An adjective that’s short for “chock a block”. Means very crowded, jammed with people and things.
I’m flat out like a lizard drinking
This phrase with a very disturbing imagery attached to it simply means that you’re very busy. Much like how a lizard flattens itself to drink water from the ground, you’re probably being squished by your workload.
I really hope that’s a clean shoe, mate. Photo credit: Businessinsider.nz
An Aussie tradition where you drink an alcoholic beverage out of a shoe, supposedly for good luck. I hope they don’t have too many athlete’s feet over there.
Built like a brick shithouse
Used to refer to someone with a muscular body (usually male).
Right before the fall.
A beginner surfer. What a way to welcome the newbie.
Chuck a Sickie
To feign illness and call in sick to skip work. Basically, the Aussie version of taking MC/chao keng. Not wanting to go to work is a universal human experience, after all.
The holy grail of all things fast food.
Short for McDonald’s. Or, as we say it: “Mcnorner”, “Meh-doner” or “Let’s go maxxx!”
When a whole five minutes at work feels like five hours.
Being tired, and wanting to go home. In other words — sian.
Get ready to dip in!
An overly emotional person who complains a lot. Also known as a whinger (I’m sure we all know someone like that).
Thongs – not the underwear
Photo credit: qt.com
Flip-flops, pluggers, or what we call slippers. The Aussie version of thongs isn’t to be confused with the underwear that gives you a permanent wedgie.
Chuck a U’-ey
Was I supposed to turn left?
Make a U-turn. High probability of this happening when driving on Australian roads because you’re trying to avoid roadki— oh, missed the turn.
A pub. Confirm it’s some of you people’s favourite place to hang at.
Food. To use in a sentence to praise a dish, you can say “Bloody good tucker!” It’s basically the Aussie version of “WAH! This (food) damn shiok eh!”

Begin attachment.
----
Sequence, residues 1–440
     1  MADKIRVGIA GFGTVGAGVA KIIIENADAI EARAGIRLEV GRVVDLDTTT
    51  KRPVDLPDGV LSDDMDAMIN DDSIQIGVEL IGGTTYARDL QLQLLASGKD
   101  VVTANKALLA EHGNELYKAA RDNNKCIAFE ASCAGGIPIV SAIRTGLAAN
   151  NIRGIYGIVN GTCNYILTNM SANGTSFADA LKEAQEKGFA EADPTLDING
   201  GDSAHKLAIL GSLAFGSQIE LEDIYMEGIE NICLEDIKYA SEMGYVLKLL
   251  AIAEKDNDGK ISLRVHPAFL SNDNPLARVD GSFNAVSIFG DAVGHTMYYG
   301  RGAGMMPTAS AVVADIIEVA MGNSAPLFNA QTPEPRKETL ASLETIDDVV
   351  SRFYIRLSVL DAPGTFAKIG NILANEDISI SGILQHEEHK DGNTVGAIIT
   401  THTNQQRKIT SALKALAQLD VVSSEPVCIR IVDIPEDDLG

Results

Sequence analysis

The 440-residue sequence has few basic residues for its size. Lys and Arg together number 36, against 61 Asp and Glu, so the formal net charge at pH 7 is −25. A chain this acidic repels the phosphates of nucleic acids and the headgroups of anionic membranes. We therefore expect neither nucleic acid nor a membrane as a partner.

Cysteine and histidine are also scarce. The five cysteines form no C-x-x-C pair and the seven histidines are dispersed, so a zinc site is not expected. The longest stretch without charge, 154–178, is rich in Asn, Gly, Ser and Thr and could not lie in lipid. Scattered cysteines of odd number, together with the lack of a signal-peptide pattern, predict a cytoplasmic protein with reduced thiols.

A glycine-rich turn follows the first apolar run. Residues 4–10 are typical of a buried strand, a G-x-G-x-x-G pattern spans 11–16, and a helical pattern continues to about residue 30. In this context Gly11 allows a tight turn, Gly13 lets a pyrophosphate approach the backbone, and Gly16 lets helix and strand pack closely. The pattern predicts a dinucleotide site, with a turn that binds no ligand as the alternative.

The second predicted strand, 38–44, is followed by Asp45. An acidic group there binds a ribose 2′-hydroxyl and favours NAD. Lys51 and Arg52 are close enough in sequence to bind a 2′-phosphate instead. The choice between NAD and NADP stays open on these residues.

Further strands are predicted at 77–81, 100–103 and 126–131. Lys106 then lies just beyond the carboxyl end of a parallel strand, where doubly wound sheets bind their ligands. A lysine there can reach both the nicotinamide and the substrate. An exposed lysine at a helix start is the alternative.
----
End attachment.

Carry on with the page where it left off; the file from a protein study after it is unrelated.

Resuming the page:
Nah yeah / Yeah nah
Yes / No, respectively. Confused? Yeah nah.
But: Something some Aussies add to the end of their sentence. For example, “We’re going to grab a drink, but.” Or “Not much going on today, hey.” Other variations include “hey” or “ay”. It’s somewhat similar to how Singaporeans end sentences with “one”.
Photo credit: Foodbev.com
Brocci: Broccoli, nature’s little edible tree.
Bloke: A man.
Bloomin’/Flamin’: Adjectives, or words used to exaggerate something. Such as, “Wow! That was bloomin’ impressive!” I suppose it’s the non-vulgar alternative to “bloody” or “f***in’”.
Bogan: Someone whose clothing, speech, and behaviour is unrefined and uncouth. Akin to “white trash”.
A Japanese bottle-O.
Bottle-O: A shop selling alcoholic beverages.
Cactus: Used to describe something or someone that’s “dead”, i.e. not functioning, broken, or finished.
Cheers: A way of saying hello, goodbye, and thank you. Also what you say before you and the squad down your drinks!
Chockie/Choccy: Chocolate, the best thing ever.
Chookas: Means “Break a leg” or “all the best”. Used to wish a performer good luck. For example, “Chookas for the big night!”
“I’m going to try to hold it in” — Beh, 2019
Chunder: Vomit. Like what poor Clarence did in Vietnam.
Dag: A socially awkward person. You lor.
Devo: Devastated, or feeling a lot of shock and grief (i.e. when the guys see their favourite football team lose).
Loose: Drunk and out of control.
Just rafting down the river with some mates, hey.
Mate: Friend. An alternative is “cobber”.
Shocking: Not ‘actual’ shocking, but it means the opposite. Like “shocking day” means it’s a great day.
Sheila: Refers to a girl or woman. Doubles as a lovely female name. It also happens to be the name of Jerome’s mum (hello Aunty Sheila!).
Stubby/Tinnie: A can of beer. A six-pack is called a “slab”.
Veg-O: A vegetarian.
Chuck on: Turn on.
Come on, guys. Rollercoasters aren’t that scary.
Chuck a wobbly: To overreact to something. (There seems to be a lot of chucking going on in Australia.)
Dirty bird: KFC.
Just tapping away on my dog and bone. Photo credit: Gilles Lambert
Dog and bone: Phone.
Fair dinkum: To mean that something is honest and true. Can be used as a question or a statement. For example, “I spent AU$75 on chocolates today.” “Are you fair dinkum?”
How ya going: “How are you doing?”
I’ll fong ya: To hit someone with a thong (slipper). Asian parenting 101.
She’ll be right: Everything will be okay. Or, as we say it: DUN WORRY, IS’OK ONE.
Arvo: Afternoon, like “I’ll see you Sunday arvo!” It’s not short for avocado — that’s avo (“eh-vo”).
Know any more Aussie slang? Which one’s your favourite? Tell us in the comments below!